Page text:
In the end, I proved my fears right. Not in that I could never live up to my idea of a Lawrentian, but that I could not possibly be perfect—or even good—at everything I attempted. The nature of Lawrenceville made it impossible to avoid stepping outside my comfort zone, and it has been through exploration that I’ve had some of the most fulfilling experiences of my time at Lawrenceville. Our freshman Shakespeare play, for instance, was my first and only experience in theater. Despite not being and not becoming any kind of actor, I found irreplaceable friendships through that production. And while I have never once taken a dance class or even taken to the dance floor, floundering through the senior girls dance will always be a treasured memory of mine. I did badly at Lawrenceville, and I reveled in it.
And while I struggled, failed, and embarrassed myself time and time again, the Lawrenceville community has always had my back. In dancing, I’ve had Kaj’s endless optimism that I might somehow learn to do a body roll, even when I look like I’m trying to do the worm in the air. In theater, I’ve had Yee’s patience and positivity as I took note after note on how to properly die onstage. I learned to rely on those brilliant classmates of mine and learned to trust in my belonging among them.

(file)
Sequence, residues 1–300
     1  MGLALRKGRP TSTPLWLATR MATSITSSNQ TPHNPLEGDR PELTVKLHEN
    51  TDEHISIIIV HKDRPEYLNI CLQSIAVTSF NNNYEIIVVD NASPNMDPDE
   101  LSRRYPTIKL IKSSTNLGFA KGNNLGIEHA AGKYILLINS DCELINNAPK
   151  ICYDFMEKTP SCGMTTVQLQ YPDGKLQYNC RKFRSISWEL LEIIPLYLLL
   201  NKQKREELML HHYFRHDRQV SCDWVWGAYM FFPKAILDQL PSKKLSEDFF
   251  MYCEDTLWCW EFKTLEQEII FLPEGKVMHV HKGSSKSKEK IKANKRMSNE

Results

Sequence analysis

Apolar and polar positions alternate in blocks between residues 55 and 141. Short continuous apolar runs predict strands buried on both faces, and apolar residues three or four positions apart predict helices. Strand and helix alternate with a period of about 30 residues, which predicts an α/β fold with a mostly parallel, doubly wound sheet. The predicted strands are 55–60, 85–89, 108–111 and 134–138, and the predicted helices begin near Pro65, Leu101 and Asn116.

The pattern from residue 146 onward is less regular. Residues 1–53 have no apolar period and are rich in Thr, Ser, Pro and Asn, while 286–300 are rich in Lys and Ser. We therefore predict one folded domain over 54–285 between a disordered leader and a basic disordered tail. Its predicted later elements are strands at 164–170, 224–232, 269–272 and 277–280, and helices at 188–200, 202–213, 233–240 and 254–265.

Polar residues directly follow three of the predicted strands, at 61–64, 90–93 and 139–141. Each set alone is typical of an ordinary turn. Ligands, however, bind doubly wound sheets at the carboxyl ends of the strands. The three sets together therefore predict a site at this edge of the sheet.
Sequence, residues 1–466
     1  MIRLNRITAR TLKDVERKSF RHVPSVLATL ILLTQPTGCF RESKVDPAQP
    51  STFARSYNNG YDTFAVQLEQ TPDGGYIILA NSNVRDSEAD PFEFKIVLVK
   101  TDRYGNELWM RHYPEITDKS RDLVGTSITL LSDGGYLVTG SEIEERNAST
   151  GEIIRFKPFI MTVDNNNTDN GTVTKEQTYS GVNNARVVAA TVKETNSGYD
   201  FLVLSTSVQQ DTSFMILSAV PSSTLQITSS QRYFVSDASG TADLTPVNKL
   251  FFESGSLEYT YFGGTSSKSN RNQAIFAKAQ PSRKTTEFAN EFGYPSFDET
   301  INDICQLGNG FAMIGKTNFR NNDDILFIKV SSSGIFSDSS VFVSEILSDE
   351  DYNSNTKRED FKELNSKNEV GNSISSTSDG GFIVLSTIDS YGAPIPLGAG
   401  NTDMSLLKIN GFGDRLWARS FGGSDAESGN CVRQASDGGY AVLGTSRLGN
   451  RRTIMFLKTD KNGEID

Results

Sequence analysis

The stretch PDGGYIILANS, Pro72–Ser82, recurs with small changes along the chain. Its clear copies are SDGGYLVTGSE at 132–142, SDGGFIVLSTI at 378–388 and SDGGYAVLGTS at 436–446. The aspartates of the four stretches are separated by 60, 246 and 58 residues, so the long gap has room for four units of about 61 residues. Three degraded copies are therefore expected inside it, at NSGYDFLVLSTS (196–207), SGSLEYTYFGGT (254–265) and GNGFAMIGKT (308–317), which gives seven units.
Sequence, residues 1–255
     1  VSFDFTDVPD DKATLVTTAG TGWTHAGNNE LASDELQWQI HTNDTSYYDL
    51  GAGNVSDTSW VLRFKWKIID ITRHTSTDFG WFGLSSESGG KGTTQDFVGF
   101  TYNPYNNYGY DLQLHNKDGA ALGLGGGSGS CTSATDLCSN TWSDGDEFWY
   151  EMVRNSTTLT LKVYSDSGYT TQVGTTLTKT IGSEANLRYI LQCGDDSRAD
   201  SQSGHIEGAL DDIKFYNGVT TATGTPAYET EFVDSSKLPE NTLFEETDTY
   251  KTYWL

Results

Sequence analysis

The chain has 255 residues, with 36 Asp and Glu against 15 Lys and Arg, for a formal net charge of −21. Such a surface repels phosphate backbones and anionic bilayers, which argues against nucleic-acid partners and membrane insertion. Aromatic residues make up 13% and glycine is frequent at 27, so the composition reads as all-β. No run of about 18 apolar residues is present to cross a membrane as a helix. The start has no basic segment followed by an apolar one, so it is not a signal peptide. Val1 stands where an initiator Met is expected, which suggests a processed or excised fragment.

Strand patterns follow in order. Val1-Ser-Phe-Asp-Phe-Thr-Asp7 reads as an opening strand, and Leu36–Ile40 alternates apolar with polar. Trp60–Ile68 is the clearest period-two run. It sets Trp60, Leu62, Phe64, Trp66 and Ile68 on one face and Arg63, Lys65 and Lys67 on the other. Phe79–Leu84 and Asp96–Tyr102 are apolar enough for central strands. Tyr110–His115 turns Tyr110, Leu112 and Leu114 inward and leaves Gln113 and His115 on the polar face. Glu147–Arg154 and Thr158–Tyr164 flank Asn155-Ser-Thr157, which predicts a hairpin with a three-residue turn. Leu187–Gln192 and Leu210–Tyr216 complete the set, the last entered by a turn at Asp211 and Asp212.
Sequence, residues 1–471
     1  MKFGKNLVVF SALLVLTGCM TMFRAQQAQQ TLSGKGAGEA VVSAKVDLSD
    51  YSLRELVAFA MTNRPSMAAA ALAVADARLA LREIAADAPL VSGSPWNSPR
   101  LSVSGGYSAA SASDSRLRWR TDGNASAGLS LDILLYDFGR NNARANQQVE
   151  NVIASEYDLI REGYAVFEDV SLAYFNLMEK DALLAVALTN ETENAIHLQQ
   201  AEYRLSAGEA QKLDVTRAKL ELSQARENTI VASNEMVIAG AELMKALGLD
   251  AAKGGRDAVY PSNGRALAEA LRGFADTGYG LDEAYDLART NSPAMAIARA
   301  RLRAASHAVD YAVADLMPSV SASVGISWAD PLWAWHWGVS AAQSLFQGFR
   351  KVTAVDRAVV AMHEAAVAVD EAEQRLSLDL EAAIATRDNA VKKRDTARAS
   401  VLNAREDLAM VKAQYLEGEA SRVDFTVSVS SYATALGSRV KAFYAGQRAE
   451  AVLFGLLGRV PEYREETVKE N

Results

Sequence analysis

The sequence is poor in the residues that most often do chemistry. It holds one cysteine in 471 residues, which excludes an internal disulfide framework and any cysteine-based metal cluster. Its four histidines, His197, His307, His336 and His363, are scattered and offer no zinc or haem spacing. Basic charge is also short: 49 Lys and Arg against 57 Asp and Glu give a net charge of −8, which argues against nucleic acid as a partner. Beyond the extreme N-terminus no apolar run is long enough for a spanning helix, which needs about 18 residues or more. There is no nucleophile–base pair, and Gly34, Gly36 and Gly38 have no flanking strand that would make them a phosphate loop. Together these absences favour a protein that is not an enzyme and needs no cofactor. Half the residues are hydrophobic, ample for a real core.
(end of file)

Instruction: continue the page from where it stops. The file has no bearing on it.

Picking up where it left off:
Of course, Lawrenceville is not a perfect model of the real world, and our fears are not always as trivial as dreading the day somebody sees how slow we run. More often than not, failures come at a greater cost than embarrassment, and the issues we’ll face will undoubtedly have more importance and more consequences. But I like to believe that the same principle holds true: we don’t just have to accept the fact that we aren’t all superhumans—though some of you out there come close—but can actively find fulfillment in imperfection. That doing things badly, in and of itself, can be good.
One of my favorite quotes comes from writer and philosopher G.K. Chesterton, and it goes: “Anything worth doing is worth doing poorly.” For a long time, I believed “Anything worth doing must be done perfectly” because I believed that a worthwhile task should be performed by someone who could do the role justice. The person who could do it right the first time. But G.K. Chesterton was a proponent of the idea that great advancements are not necessarily executed by geniuses or experts, but often by amateurs. Because there is no one person, or any person, who can change the world alone. Progress must be made, then, by those who are willing to try.
When Lawrenceville tells us we have a responsibility to change the world, we are not bound to perfection. We are bound to bravery. We are bound to initiative. And above all, we are bound to using what we’ve learned here to begin somewhere new.
Thank you, and congratulations to the Class of 2022!
For additional information, contact Lisa M. Gillard H'17, director of public relations, at firstname.lastname@example.org.